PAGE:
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Creating Savings From What You Already Have
Most people, even those without debt, have a hard time saving money. The plain truth is that most people will spend all of their money every month. They grow to become used to this spending level. It is very, very difficult not to do this. Financial advisors say it over and over again -- you have to pay yourself first. It is the truth.
Those of you with 401(k)s don't miss that money being automatically taken out of your paycheck. You never see it, so you don't miss it. That is the idea of paying yourself first. If possible, have your employer deposit a portion of your paycheck each month into your savings account. Or perhaps your bank will automatically withdraw that amount from your checking to your savings each month.
You never see the money and you don't have to make any effort to save. It is perfect. If you pay yourself first, you won't have a chance to spend the money. When you sit down to write bills out, don't pay the mortgage first. Pay your savings and then pay your bills. See, most people pay their mortgage, cars and other loans first. Then they pay the electric and water. Then they pay what they can on their credit cards. Whatever is left over is spent on living, gas and food. Then there is nothing left to save.
If you wait to pay your savings last, you probably won't pay it. You must pay yourself first. Write a check to your savings first, then pay the bills. We lose a lot of money in just pennies each month. One of the best ways that my husband and I save money is to never spend our change. In fact, every night we dump out our wallets. Anything less than a ten goes in the money jar. It is surprising how in just a month, that money really accumulates. We've used the money like a small emergency fund. We grocery shop on it when money is tight or we treat ourselves to a nice evening out.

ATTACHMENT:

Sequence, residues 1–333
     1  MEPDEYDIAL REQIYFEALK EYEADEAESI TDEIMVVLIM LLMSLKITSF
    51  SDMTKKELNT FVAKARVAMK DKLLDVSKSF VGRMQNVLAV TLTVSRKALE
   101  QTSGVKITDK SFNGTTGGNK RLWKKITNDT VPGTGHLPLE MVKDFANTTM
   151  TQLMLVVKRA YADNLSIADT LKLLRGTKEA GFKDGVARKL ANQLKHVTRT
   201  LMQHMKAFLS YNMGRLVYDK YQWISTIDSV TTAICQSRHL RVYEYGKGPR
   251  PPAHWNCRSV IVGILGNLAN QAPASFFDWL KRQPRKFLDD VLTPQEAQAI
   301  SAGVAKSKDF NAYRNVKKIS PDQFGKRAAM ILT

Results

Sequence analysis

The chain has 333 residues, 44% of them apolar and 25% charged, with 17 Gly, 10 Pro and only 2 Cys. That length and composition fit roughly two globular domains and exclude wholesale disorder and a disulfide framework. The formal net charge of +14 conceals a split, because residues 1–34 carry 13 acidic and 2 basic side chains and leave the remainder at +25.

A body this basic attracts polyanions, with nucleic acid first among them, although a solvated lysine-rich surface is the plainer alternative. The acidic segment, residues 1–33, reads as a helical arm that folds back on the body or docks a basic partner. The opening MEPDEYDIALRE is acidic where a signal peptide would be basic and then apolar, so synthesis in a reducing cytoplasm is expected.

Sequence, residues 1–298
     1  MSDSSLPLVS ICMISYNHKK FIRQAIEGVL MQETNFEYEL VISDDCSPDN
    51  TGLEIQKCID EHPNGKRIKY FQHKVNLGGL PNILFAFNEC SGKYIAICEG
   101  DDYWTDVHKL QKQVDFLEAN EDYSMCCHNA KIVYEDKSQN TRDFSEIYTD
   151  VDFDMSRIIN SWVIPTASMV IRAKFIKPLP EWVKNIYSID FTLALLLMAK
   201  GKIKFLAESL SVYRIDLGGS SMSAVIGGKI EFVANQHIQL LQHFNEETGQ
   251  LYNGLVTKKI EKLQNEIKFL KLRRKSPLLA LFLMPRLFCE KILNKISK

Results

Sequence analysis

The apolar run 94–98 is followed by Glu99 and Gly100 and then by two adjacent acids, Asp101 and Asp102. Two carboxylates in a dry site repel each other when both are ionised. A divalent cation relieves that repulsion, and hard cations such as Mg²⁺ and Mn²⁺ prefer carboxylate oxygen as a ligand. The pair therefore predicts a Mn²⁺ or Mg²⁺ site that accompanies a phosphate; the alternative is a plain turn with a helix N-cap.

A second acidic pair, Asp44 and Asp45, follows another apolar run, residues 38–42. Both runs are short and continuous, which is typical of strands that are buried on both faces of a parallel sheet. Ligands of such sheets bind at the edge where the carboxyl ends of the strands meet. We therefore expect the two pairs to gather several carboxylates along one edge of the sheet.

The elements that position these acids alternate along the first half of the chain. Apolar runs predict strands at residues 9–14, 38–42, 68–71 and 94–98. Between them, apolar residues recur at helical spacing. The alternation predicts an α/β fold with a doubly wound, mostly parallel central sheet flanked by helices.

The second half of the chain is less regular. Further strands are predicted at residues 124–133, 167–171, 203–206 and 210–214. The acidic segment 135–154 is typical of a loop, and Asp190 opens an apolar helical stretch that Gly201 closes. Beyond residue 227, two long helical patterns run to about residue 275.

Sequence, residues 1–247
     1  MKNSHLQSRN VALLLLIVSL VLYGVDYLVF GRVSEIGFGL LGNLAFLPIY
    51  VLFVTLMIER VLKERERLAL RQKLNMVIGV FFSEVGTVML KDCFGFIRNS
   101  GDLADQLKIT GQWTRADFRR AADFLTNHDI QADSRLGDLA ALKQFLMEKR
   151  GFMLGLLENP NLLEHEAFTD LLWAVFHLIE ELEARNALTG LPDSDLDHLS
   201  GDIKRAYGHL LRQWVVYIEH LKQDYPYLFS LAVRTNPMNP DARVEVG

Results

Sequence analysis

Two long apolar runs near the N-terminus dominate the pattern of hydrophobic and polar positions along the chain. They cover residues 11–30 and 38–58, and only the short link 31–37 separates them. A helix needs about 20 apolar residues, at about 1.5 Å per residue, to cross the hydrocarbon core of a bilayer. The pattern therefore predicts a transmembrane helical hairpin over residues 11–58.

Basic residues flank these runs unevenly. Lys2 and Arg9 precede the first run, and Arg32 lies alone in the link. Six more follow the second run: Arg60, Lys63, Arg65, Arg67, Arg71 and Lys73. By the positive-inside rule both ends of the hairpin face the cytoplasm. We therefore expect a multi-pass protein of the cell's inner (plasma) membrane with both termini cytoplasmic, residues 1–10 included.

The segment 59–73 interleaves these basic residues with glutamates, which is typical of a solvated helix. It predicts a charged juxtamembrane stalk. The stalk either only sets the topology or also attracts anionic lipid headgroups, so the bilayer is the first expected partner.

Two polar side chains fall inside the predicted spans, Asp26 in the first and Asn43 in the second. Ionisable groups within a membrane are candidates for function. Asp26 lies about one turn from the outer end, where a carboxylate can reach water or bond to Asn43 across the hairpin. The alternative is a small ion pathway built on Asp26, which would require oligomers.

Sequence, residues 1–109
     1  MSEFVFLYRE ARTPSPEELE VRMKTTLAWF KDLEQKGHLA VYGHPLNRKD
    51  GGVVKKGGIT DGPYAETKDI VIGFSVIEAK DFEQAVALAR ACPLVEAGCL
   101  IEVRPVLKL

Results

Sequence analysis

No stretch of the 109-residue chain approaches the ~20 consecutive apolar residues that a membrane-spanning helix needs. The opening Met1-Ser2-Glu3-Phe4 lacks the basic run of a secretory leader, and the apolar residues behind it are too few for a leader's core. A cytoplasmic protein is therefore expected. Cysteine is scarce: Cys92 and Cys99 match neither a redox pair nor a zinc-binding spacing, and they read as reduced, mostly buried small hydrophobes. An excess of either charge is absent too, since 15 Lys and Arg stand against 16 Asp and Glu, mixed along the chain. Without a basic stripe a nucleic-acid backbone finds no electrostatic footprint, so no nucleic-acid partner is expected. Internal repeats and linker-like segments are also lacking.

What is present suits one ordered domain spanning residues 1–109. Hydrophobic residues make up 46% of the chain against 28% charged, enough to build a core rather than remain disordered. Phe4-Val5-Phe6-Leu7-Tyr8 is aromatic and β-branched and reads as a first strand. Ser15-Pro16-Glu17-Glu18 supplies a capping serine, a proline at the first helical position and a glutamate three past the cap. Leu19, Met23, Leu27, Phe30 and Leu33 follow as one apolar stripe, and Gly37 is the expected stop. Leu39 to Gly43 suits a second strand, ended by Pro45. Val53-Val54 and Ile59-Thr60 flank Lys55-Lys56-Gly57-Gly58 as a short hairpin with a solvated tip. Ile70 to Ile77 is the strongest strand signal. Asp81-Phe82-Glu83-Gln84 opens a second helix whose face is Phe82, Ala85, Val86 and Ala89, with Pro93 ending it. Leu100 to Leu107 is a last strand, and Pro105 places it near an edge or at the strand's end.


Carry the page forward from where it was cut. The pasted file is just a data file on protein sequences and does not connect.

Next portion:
It is an easy way to save. Another version of this is to put the change you get back from any drive-in in an envelope in your glove box. Do this whether the change is one dollar or ten dollars. When you clean out your vehicle, you will be surprised at how much has accumulated. In fact, it could buy you a tank of gas every once in a while. When you spend, you can save money as well. Purchase items that grow in value. Extra money lying around? Invest it in the stock market. Invest it in paying off your mortgage early. Use it in ways that make you money.
Pay off your debts and invest the rest. When you save money, the key is to really save it. If you buy something on sale, what happens to the money you saved? You probably spent it on something else. Nothing really went into savings. From now on, when you save $15 on groceries, put that $15 in your savings account. When you don't buy a new sweater because you know you need to save, put the cost of that sweater into your savings. Saving money isn't that hard. It is simply a habit that has to be learned. Experts say it takes two weeks to make an action a habit.
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